Pictured Above: Andres (seated, center) with members of Full Sail’s International Student Society.
One of several Full Sail grads credited on a project up for a Latin GRAMMY Award at this week’s ceremony is Andres Saavedra, who worked as a composer, producer, mixer, and engineer on Rosario’s self-titled album, which is up for Best Contemporary Pop Vocal Album. Andres is no stranger to this scene: he worked on a project that won a GRAMMY in 2011 (Best Latin Album – Alejandro Sanz’s Paraiso Express), and two that have won Latin GRAMMY Awards as well (Alejandro Sanz and Luis Fonsi).
Since graduating from Full Sail’s Recording Arts program in 2002, Andres – who hails from Colombia – has worked his way up the ranks in the music industry, starting out at Bogart Recording Studios in South Florida. In 2006, he ventured out on his own, working as a producer and composer with several major artists. Today, he’s sought-after in the studio and has recently signed an artist development deal with Universal Music Latin Entertainment; he’s now working to discover, sign, and produce the emerging artists he’s passionate about.
“I’m looking for people that don’t sound like anything that is already on the market,” says Andres. “I’m trying to find that artist that is going to be the next game changer. For me, finding new talent is absolutely amazing. I want to help produce their album. That’s what I get the most excited about.”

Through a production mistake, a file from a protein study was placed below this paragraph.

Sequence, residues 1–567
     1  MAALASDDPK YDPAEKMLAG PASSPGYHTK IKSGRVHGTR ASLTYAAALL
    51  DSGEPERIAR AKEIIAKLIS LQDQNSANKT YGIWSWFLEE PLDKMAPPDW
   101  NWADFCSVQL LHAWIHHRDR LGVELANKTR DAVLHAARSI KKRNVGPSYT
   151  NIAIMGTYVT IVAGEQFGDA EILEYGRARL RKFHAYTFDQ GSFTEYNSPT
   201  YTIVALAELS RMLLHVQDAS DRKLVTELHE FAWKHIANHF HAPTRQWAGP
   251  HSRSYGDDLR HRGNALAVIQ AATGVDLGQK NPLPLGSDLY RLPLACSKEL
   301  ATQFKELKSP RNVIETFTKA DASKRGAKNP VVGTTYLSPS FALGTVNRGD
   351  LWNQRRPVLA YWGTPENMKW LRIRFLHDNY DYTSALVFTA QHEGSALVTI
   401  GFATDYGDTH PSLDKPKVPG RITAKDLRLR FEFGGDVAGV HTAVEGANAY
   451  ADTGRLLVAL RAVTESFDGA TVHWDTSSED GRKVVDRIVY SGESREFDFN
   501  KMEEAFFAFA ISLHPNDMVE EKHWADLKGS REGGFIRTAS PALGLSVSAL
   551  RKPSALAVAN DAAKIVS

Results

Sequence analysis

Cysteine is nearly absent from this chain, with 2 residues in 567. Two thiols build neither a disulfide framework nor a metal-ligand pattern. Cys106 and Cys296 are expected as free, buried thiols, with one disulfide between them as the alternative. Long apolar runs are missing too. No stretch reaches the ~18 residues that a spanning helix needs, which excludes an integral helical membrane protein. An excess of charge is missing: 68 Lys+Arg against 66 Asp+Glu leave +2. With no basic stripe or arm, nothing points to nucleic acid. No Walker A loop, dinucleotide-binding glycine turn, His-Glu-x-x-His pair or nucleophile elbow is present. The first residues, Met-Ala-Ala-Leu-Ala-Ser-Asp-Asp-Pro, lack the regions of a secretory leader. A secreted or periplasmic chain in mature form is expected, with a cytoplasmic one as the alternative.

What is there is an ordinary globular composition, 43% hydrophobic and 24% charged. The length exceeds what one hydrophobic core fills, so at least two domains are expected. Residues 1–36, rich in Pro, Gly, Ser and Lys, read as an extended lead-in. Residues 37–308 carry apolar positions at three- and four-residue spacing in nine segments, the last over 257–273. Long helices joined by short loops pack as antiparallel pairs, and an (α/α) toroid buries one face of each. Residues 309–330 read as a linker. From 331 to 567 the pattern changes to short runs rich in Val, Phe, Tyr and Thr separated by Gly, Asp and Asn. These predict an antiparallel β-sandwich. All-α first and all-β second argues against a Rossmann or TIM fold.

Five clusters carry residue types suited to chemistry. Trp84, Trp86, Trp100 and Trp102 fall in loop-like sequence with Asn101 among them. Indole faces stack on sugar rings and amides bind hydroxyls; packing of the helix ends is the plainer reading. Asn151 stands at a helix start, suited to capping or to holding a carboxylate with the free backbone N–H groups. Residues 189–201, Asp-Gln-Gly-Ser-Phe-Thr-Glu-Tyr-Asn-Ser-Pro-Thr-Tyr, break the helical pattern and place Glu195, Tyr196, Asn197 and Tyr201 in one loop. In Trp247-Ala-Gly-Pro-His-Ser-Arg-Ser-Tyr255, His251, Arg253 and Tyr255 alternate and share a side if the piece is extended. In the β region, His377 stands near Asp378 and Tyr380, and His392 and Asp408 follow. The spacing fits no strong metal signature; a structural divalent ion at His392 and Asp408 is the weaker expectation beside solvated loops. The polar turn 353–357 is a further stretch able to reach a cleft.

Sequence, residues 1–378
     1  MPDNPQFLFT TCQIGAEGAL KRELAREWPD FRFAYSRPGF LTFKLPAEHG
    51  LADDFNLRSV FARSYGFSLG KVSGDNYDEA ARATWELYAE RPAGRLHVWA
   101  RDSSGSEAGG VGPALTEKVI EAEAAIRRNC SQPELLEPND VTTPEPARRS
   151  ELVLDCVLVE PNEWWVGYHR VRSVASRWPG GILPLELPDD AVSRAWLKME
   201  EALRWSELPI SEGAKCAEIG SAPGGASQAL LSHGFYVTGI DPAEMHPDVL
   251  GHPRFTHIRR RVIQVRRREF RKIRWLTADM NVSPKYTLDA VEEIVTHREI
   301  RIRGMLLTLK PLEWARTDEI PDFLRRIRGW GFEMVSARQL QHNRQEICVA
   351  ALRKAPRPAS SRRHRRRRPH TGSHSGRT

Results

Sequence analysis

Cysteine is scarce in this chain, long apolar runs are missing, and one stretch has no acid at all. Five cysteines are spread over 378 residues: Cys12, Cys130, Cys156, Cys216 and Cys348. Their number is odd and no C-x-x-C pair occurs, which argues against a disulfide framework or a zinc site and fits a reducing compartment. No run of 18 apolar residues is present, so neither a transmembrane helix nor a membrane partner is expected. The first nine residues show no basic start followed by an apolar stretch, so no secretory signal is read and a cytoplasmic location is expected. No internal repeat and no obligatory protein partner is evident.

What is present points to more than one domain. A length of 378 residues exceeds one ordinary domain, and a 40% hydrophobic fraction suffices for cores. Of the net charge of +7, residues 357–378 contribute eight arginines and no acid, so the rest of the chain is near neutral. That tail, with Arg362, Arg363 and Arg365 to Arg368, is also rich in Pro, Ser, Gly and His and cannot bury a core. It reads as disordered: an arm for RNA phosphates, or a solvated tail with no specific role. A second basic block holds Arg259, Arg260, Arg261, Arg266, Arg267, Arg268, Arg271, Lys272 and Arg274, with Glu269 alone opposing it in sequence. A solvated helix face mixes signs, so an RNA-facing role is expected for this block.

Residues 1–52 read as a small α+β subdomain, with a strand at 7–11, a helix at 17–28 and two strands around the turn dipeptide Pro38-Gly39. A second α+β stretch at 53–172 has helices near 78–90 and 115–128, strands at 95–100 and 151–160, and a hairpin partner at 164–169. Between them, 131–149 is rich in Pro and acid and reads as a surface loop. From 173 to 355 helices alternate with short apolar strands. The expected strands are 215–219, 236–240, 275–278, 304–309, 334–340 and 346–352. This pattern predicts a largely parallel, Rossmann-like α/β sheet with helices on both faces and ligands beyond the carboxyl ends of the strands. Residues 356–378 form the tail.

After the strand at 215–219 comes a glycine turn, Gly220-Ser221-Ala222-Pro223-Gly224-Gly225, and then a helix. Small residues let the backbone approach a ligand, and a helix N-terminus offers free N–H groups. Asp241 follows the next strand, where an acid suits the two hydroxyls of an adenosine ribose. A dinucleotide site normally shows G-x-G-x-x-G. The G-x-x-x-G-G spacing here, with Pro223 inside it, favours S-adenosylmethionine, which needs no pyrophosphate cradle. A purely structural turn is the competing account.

Andres visited campus earlier this month, and spent the day meeting with students from Full Sail’s ESL program and the International Student Society before taking part in a presentation that was open to students from across all degree programs. His lecture began like a classic scene from elementary school show and tell, except instead of a pet frog or a photo album of his family, Andres showed off his GRAMMY Award from 2011. He told students to pass it around the classroom – and even encouraged them to talk selfies with it (which they did) – and stressed to all of them that it was proof that their dream of winning a GRAMMY was possible.
His advice for students was was important and relevant: Stay patient. Realize that you have to start from the bottom. But most of all, make sure you stand out and leave a real impression when meeting people.
After he graduated, Andres decided that he wanted to work for producer Bob Bogart. He went to the studio to drop off his resume and to try to meet Bob, but the receptionist said he wasn’t available. Andres waited anyway. And waited. He hung out in the studio’s parking lot until 3 a.m., when Bob finally came out after finishing a session. Andres handed Bob his resume. It had a dollar bill attached to it, with a note about how Andres knew Bob’s time was money, so he hoped that a dollar would be worth a few seconds to look at his resume. Bob called him and said, “You’re the dollar bill guy.” Andres got the job.
“You need to separate yourself from the rest. If you meet a producer you want to work with backstage at a show, hand them a banana,” says Andres. “Then you can say, ‘I’m the guy that gave you the banana.”
It was a bold move, but a decade later, it looks like it definitely paid off.